3. Personnel. We work hard to hire special people who have a higher set of skills, whether it’s a skill set as a clinician or computer skills or social skills. We hire compassionate people. We have high expectations for patient encounters. My philosophy has always been: smile or go home. That hasn’t changed over the years. We’ve had an employee handbook for 20 years – I wrote it my first year on the job – and we’ve obviously updated it as needed so everyone knows what’s appropriate and expected. We’ve also nurtured employees who wanted to continue their education and advance within the organization. I continue to – and always will – have an open door policy, though I encourage employees to first go to their department head with concerns. Here’s what has changed: personnel used to be a combined role with me and an assistant. Because we have so many employees and related required paperwork, and cover a wide range of labor grades, there’s now an entire department devoted to human resources.
What are the most pressing issues that practice managers are facing today, particularly as an unprecedented number of mandates take shape this year and next?
Whatever the U.S. Supreme Court decides on healthcare reform, there’s going to be some type of pushback on some type of reimbursement process. There are some very good parts to healthcare reform; some are nebulous unless there’s a good definition, like meaningful use. We were reimbursed at the end of 2011 for electronic medical records implementation, and we’re firmly in phase 2. We’re fortunate the software we selected was very aggressive concerning compliance issues.
Ongoing rules need to be developed; other rules are coming out. The issue of ACOs will be interesting to see unfold. I don’t know if we’re ready for capitation care, because Mississippi is very rural. You’ll see more partnerships evolving between hospitals and physician groups. If you’re a large group, you have to consider it, as long as both organizations’ philosophies match.
Do you have three gems of advice to pass along to young practice managers?
- Have good processes in place; keep them simple.
- Practice management by walking around. Every day, I walk the floors. Employees are an important resource.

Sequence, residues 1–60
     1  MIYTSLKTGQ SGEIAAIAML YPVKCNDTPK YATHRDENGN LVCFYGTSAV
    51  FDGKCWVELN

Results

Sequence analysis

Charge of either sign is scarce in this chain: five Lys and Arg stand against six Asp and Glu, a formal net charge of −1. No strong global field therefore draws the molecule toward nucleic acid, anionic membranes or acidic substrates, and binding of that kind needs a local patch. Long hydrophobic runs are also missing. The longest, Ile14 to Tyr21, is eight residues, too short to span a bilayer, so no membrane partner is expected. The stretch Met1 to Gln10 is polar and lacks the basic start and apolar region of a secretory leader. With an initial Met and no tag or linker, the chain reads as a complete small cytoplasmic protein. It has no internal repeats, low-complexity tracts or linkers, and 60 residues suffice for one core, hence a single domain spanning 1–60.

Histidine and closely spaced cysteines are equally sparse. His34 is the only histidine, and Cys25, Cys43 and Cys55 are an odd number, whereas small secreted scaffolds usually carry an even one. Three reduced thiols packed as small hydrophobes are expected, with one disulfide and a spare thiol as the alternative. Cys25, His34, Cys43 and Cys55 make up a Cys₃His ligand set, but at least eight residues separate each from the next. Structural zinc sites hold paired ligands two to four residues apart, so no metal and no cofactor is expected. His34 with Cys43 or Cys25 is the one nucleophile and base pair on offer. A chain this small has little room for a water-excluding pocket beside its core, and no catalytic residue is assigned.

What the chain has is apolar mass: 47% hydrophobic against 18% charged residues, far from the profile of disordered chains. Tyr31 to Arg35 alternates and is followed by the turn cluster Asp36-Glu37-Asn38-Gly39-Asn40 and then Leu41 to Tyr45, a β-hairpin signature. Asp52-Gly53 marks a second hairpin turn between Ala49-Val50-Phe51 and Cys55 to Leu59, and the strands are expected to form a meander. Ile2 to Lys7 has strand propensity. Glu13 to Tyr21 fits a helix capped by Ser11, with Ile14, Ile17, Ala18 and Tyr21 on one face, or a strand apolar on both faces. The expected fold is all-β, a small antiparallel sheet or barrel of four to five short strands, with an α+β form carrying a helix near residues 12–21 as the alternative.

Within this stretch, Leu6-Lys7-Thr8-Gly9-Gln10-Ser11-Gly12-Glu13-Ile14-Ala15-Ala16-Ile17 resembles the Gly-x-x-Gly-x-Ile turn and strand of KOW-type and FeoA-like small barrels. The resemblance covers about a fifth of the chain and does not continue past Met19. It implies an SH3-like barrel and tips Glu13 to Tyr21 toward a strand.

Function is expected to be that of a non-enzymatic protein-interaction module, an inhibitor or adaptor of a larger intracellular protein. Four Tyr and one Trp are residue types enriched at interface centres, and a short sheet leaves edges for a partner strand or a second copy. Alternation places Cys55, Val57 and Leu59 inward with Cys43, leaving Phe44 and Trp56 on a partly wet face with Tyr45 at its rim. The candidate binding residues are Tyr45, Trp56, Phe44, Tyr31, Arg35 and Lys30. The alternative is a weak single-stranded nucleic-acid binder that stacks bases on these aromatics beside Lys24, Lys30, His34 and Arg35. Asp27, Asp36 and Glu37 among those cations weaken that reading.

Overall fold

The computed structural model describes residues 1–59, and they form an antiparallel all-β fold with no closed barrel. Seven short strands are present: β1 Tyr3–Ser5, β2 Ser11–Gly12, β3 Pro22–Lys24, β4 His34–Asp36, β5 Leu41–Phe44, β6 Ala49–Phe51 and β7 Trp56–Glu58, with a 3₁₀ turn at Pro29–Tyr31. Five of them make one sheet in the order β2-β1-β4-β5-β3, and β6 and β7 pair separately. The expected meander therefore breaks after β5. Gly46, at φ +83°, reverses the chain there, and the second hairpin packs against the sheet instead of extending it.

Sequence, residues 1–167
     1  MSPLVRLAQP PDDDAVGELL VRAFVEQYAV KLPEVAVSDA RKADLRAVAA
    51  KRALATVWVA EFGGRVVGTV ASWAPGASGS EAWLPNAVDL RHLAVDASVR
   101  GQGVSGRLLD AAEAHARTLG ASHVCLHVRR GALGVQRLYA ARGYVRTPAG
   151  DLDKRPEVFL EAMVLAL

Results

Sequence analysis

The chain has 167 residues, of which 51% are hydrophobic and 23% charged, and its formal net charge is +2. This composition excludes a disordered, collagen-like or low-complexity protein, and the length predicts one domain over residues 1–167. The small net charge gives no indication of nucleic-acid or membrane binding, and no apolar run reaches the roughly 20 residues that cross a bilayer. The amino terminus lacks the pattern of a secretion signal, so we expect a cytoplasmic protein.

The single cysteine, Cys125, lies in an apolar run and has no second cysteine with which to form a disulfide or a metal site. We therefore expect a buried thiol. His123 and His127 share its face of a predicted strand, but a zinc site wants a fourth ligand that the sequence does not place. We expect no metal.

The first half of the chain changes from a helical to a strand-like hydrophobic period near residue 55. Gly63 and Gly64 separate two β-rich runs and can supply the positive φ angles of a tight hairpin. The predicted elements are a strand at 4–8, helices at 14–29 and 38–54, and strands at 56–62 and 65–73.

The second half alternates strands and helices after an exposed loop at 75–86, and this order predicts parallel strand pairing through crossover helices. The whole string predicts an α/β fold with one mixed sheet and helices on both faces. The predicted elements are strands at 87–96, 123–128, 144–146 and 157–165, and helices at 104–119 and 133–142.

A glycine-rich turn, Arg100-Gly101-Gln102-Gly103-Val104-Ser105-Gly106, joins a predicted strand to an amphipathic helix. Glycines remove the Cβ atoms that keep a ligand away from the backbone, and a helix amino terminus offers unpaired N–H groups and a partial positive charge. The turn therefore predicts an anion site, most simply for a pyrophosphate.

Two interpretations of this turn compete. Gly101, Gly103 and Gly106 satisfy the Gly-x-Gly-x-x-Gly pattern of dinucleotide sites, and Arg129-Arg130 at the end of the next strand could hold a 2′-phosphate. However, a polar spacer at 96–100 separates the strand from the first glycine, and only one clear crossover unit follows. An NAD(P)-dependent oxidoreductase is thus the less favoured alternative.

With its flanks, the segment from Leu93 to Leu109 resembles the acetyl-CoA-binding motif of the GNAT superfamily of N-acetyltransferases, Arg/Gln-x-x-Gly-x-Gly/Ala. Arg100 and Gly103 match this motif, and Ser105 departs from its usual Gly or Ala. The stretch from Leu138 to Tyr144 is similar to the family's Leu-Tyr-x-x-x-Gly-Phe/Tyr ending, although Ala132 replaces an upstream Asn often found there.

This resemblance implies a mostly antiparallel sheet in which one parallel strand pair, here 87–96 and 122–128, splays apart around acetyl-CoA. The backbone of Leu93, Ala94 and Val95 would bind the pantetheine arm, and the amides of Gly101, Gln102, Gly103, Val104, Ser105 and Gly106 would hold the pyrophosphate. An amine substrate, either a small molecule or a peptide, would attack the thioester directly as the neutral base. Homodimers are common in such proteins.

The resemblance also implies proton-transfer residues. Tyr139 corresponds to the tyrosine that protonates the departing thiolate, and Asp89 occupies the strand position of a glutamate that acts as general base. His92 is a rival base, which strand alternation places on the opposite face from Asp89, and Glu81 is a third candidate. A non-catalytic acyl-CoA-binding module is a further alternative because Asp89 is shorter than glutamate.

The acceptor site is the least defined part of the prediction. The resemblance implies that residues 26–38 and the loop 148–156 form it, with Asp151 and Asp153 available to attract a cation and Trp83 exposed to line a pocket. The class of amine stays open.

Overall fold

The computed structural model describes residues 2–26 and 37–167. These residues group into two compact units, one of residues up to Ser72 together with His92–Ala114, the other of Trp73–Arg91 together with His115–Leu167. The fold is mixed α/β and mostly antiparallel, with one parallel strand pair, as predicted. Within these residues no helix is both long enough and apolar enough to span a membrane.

- Be a good listener. If you are, you can communicate very well.
Have you ever implemented a practice that you regretted?
Yes, casual Friday. I tried it once and was surprised by the change. One employee came to work in clothes that were better suited for late night TV viewing! I’m not a jeans person, but I tolerate it on Saturdays. The employees rib me about that.
What legislatively needs to change (or has recently changed) in Mississippi concerning practice management and the state’s healthcare industry?
Before tort reform (in 2003 and 2004), many orthopedic doctors didn’t want to stay in town. We have a better environment now, and many decided to stay. With the Mississippi Supreme Court upholding those legislative changes, I believe state lawmakers have done a very fair job for both sides. However, we want to continue tort reform efforts, to see the numbers tweaked a little more in a way that still makes sense for patients and businesses. We’re constantly monitoring it.
The state Medicaid program is always on the forefront because of the reimbursement processes and funding mechanism for it. Not everyone takes all comers, and we sometimes end up as the last resort for patients. We wish Medicaid would provide more encompassing care so we wouldn’t be so limited to what we can do for patients.
When you’re not in the office, what do you like to do, in addition to playing golf?
My wife, Marie, also known as Mimi to the grands, is semi-retired. Between us, we have three children – Christy, a mother of five; Jason, a father of two; and Grady (who sells sports medical implants for Smith & Nephew in Shreveport, La.). Our seven grandchildren range in age from four to 17. We keep two of them four nights a week. We’re very much involved in their lives; they love water sports and are getting to the age they can be more helpful.